The story of the Rich Man and Lazarus is typically used to support the idea that once a person passes from this life, it is too late for repentance; their plight is set for eternity. In this essay, I will examine this passage of scripture and relate what I believe Jesus was conveying to His listeners.
And — a certain man was rich, and was clothed in purple and fine linen, making merry sumptuously every day, and there was a certain poor man, by name Lazarus, who was laid at his porch, full of sores, and desiring to be filled from the crumbs that are falling from the table of the rich man; yea, also the dogs, coming, were licking his sores.
And it came to pass, that the poor man died, and that he was carried away by the messengers to the bosom of Abraham — and the rich man also died, and was buried; and in the hades having lifted up his eyes, being in torments, he doth see Abraham afar off, and Lazarus in his bosom, and having cried, he said, “Father Abraham, deal kindly with me, and send Lazarus, that he may dip the tip of his finger in water, and may cool my tongue, because I am distressed in this flame.”
And Abraham said, “Child, remember that thou did receive — thou — thy good things in thy life, and Lazarus in like manner the evil things, and now he is comforted, and thou art distressed; and besides all these things, between us and you a great chasm is fixed, so that they who are willing to go over from hence unto you are not able, nor do they from thence to us pass through.”
And he said, “I pray thee, then, father, that thou mayest send him to the house of my father, for I have five brothers, so that he may thoroughly testify to them, that they also may not come to this place of torment.”
Abraham saith to him, “They have Moses and the prophets, let them hear them;”
And he said, “No, father Abraham, but if any one from the dead may go unto them, they will reform.”
And he said to him, “If Moses and the prophets they do not hear, neither if one may rise out of the dead will they be persuaded.”
I learned through my studies over the past years that Jesus was most likely not the originator of the basic story. As always, understanding the cultural context of a passage of scripture will give more insight into its meaning.
Now I could merely tell you that the theme of a rich man and poor man, and their plights after death, were not original to this story told by Jesus… but I think it’s probably better for you to be able to read it for yourself (sorry if this post gets long as a result).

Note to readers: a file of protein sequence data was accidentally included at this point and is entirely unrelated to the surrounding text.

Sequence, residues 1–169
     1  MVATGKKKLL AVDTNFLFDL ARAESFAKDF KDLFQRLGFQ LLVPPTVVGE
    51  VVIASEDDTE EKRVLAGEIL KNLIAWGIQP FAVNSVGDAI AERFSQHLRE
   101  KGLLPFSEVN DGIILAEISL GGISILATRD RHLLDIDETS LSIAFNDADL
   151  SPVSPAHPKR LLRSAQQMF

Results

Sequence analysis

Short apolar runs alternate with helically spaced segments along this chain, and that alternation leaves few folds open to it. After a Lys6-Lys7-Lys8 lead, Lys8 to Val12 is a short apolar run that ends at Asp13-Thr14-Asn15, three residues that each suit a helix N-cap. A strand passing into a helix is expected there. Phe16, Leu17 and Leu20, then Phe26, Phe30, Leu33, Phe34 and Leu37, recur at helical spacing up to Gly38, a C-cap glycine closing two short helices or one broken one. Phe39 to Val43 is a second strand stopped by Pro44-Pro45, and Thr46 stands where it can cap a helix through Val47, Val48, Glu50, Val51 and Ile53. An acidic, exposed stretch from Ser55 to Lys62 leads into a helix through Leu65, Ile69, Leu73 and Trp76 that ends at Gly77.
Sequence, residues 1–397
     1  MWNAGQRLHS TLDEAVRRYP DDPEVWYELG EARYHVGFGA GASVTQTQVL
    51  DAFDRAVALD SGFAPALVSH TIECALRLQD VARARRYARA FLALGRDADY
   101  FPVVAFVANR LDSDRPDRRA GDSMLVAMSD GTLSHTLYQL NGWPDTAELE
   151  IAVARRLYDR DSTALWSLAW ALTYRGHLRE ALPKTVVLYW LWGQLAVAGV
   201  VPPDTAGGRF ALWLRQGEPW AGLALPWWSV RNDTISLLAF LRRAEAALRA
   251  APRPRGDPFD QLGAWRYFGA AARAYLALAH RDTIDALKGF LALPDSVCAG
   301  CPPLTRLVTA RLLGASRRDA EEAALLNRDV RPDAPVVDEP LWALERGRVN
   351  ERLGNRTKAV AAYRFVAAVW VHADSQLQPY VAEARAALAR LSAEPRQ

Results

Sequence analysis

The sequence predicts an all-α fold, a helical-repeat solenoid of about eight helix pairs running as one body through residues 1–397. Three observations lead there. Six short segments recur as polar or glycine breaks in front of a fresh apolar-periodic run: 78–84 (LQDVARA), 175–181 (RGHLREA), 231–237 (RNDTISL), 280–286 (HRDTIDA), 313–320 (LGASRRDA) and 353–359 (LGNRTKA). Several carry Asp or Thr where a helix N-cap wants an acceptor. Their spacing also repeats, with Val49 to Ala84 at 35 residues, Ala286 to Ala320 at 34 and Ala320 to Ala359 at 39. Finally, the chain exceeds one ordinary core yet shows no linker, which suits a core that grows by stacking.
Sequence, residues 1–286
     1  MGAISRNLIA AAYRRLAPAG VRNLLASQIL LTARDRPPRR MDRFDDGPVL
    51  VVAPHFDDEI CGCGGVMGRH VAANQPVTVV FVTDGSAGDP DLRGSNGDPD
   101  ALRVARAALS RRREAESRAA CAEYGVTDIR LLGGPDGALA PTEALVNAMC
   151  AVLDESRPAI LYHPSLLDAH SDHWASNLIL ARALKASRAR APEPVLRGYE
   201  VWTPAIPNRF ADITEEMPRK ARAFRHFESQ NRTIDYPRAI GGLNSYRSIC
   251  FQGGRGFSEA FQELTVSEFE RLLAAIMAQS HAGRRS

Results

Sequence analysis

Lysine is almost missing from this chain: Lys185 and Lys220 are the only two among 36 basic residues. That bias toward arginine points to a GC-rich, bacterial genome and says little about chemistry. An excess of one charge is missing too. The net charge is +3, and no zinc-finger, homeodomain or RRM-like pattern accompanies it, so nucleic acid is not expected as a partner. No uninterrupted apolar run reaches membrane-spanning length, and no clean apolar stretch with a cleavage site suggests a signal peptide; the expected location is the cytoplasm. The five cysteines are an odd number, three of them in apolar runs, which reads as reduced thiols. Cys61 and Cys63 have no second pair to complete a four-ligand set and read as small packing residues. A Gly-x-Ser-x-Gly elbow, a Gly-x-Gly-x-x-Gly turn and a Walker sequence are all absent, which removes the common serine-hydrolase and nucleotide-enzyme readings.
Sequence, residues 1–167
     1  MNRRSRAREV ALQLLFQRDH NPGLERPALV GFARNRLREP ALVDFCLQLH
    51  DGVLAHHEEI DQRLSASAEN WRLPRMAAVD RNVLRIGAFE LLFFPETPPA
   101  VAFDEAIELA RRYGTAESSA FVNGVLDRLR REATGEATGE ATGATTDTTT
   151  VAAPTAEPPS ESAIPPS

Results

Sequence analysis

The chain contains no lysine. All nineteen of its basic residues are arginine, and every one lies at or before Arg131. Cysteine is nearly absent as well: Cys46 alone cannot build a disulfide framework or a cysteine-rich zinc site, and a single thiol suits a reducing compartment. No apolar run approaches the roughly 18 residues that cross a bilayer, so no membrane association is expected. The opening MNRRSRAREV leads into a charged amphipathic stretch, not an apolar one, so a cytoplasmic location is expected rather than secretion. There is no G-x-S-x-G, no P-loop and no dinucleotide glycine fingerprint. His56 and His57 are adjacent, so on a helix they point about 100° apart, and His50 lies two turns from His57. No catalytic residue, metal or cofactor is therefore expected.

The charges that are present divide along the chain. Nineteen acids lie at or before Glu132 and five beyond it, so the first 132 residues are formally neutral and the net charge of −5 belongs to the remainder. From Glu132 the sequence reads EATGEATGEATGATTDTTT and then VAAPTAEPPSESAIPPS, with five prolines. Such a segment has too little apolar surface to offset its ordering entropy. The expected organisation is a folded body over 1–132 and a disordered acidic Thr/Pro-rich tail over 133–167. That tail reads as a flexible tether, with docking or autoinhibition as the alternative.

The summary of a story found in ancient Egyptian literature. This story was found on a scrap of papyrus that dates from the time of Jesus. It is understood that those whom Jesus interacted with would have known this story.
One day Satni and his still young son, Senosiris, were looking over the city from the roof of their house, when the lamentations rising from the gorgeous funeral procession of a rich man attracted their attention. Soon thereafter, they saw the miserable obsequies of a poor man, wrapped only in a mat, lacking any of the trappings of the earlier train. The father sighed and prayed aloud that he should have the fate in the underworld of the elaborately lamented wealthy man rather than of the pauper.
His son immediately contradicted him. Chastised for this apparent insubordination, Senosiris guided his father through a tour of the seven halls of Amentit (the underworld), where he demonstrated how one’s fate after death depends on the balance of good versus evil deeds in done in life rather than the splendor of one’s funeral.
On their tour of the underworld, Satni noticed among those seated near Osiris “one clad in fine linen and in a lofty rank,” and Senosiris explained that this was the poor man, who because his good deeds were more numerous than his bad, was thus honoured by Osiris and, “as there was no total of happiness while he was on earth sufficient to correspond with the length of life inscribed to his account by Thoth, an order was given on the part of Osiris to transfer the funerary outfit of the rich man to this poor man.”
Senosiris continued to explain that the rich man they had seen was taken to Hades, his misdeeds were weighed against his merits, the misdeeds were found more numerous than his merits that he had on earth, and command was given that he should be punished in Amentit. They then saw him with the pivot of a door planted on his right eye.
There is far more detail to this story than this little summary. However, my point in posting this story is not to examine the beliefs of the ancient Egyptians and their description of the underworld, it is to frame the story of the “Rich Man and Lazarus” against the cultural backdrop in which it was told.
Further expanding on this cultural backdrop, the Pharisees had adopted the ideas of a resurrection, “Abraham’s bosom” and “hades.” The Pharisees were a bit liberal in their beliefs in the afterlife. The Sadducees actually took after the more traditional view of Judaism; that which is found in the Old Testament (Also known as “Moses and the prophets” or the Torah). The Sadducees rejected the idea of the oral law and insisted on a literal interpretation of the written law; consequently, they did not believe in an afterlife, since it is not mentioned in the Torah.
Some may scoff at the idea that “heaven and hell” are not really found in the Old Testament (Torah), but a full study of what the Old Testament has to say of the afterlife will reveal a general absence of any kind of details about conscious existence after death (there are a very few exceptions to this which are open to interpretation). All men, righteous or unrighteous, go down to the grave (sheol). (If you want to study this specifically, look at every usage of two words in the OT; Strong’s H8064 and H7585. You can use Vine’s Dictionary or a free program called e-sword to do this.)